As an extra F.U., it also changes the list of contacts after a second. So I try to tap on my wife, only to have it substituted with the plumber who came once half a year ago... and this of course gets logged by the AI, ensuring the plumber continues to hold pride of place in my contacts.
It's slow. It encourages mis-taps. I have intentionally tapped it literally <10 times ever despite using the share dialog thousands of times, since it almost never shows me the desired contacts, and even then I've tapped the wrong contact half the time.
It's incomprehensibly awful, wantonly violates even the most basic user-interaction guidelines of the past few decades, and there's no way to turn it off. What in the world are they thinking / drinking.
When you are in the “...” screen, tap on “edit” at the top right.
This is what OP complained about is not possible on Android out of the box.
I know it exists as an intentional dark pattern (so we just think that's what happened). But it also seems so common now across computing and it pisses me off every time.
It seems like they stripped all metadata, including visual names of items themselves, and instead substituted random words.
The result is like playing a text-based adventure game without a list of the verbs the game supports.
Per memory, 7 and even 98 had a perfectly reasonable and accurate search.
If I type VS... Visual Studio Code! Cool. (wonder why it did not suggest Visual Studio itself which I also have installed, buy hey I got what I wanted)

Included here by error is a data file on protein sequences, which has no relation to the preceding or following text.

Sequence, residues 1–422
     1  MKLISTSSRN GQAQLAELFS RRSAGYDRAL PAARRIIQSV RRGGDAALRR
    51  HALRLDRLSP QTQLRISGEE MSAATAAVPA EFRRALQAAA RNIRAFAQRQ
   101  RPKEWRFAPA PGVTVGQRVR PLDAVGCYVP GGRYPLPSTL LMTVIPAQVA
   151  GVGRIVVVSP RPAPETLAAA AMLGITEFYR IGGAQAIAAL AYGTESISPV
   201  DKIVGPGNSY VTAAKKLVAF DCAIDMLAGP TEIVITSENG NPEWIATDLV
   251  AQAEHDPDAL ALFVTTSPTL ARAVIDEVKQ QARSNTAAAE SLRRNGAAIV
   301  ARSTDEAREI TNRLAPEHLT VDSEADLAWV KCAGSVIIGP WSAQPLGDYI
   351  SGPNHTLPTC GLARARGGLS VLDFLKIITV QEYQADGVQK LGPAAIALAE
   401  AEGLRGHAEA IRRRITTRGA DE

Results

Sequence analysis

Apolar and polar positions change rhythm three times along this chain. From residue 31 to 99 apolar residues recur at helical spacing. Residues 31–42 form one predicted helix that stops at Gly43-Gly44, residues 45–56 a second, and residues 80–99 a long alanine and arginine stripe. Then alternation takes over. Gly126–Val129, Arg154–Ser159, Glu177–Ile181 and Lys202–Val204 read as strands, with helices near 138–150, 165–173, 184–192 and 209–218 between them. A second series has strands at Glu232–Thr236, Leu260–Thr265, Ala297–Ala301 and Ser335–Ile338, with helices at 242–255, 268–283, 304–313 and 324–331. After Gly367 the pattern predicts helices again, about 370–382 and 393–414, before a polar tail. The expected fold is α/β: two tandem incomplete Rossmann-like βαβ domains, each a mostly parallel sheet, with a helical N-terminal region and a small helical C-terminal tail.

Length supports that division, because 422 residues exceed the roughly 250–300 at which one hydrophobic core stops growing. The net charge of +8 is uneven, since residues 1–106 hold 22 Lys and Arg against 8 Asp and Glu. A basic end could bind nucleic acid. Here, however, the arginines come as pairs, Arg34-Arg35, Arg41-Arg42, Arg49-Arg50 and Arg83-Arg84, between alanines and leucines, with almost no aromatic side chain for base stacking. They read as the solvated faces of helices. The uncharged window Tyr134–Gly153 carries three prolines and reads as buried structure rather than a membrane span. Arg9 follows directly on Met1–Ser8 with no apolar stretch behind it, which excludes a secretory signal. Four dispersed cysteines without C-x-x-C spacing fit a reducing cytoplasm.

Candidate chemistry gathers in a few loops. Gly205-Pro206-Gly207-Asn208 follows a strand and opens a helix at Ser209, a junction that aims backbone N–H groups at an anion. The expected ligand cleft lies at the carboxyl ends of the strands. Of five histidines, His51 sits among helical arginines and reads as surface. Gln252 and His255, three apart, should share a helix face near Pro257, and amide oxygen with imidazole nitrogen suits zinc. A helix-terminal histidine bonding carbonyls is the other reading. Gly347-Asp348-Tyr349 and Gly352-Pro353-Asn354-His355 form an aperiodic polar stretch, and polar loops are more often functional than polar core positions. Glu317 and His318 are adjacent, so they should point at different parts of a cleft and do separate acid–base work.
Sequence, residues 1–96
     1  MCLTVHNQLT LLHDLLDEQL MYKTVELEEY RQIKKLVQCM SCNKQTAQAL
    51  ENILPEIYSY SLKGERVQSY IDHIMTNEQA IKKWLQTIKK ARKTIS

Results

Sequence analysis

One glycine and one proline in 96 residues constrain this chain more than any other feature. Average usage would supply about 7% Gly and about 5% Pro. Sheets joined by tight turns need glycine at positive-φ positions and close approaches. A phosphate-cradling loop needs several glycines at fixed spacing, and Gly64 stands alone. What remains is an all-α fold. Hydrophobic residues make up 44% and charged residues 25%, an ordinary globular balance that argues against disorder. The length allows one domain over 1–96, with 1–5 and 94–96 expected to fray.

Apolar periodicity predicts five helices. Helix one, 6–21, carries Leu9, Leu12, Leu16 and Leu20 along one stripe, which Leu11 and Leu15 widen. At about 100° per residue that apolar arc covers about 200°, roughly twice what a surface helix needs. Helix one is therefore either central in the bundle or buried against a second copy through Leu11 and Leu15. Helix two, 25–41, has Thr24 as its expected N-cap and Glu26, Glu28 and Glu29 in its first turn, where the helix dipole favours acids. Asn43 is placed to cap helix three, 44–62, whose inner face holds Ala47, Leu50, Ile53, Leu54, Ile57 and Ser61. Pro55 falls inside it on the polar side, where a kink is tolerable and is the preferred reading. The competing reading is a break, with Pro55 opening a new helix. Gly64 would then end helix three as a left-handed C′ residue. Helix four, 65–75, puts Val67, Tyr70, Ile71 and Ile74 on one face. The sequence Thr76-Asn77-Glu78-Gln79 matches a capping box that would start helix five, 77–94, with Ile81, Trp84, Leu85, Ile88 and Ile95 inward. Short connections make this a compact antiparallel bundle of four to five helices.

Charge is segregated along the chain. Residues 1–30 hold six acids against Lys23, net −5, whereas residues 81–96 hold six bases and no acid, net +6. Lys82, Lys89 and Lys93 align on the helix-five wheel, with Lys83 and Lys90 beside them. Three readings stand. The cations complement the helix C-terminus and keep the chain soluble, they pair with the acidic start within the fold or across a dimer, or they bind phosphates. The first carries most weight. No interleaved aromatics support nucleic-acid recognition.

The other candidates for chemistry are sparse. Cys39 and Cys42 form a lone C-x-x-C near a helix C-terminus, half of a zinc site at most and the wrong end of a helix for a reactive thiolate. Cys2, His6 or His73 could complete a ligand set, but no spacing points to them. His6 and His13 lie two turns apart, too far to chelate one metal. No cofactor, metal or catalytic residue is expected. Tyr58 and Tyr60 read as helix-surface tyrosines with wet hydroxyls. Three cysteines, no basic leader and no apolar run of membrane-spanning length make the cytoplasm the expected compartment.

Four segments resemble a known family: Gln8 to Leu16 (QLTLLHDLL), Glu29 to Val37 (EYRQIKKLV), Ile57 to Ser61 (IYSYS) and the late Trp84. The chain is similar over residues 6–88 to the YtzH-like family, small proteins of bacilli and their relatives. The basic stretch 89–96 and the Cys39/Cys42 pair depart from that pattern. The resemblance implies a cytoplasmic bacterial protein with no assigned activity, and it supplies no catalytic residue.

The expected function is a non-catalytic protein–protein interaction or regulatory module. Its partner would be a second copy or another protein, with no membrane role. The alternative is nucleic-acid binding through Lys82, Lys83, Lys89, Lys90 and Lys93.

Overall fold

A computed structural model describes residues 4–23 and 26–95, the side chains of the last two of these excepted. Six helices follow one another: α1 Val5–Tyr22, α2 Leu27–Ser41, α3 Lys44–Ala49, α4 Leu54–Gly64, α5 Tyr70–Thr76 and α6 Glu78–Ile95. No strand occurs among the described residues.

If I type VSC... ??? config files and some random XMLs from the deep realms of AppData
If I type vscode... No results, try a web search!
If I type Visual Studio... THE Visual Studio shows, but no Code in sight
If I type Visual Studio Code... There it is again!
The whole rigmarole is just... Huh?! How does one even reach that point? I can't think about any naive buggy way that could reasonably cause such discrepancy of results. Just search by Filename and Display Name! Or whatever criteria, but be consistent!
But literally mystified why there isn't a prebuilt index table that instantly loads the top results.
All Windows apps / panels + last 250 files opened shouldn't be hard.
So there is literally already a textual, and usually interpretable, path to any window.
Apparently tying search into that made too much sense though, and so instead we get a reinvented (slightly square) wheel.
I love that term and the Android share dialog has always been my top example.
But then I thought of: "Percusssive enhancement". Maybe not semantically 100%, but... not 0%.
Asynchronous element loading saves time overall but it costs time when key UI elements rearrange. It's probably difficult to pull off but linear/blocked/sequential loading for the current viewport and offscreen asynchronous loading is probably what we need to avoid this (or ugly placeholders).
I find this happens with computer game UIs a lot, too, especially for dynamic UI elements that float above static UI elements. Especially when there is a lag due to animations.
Or maybe I have 15 years of expectation that images is going to be the second tab.
Edit: nope, just did a search, it started web images videos then right when the page finished loading it switched to web videos images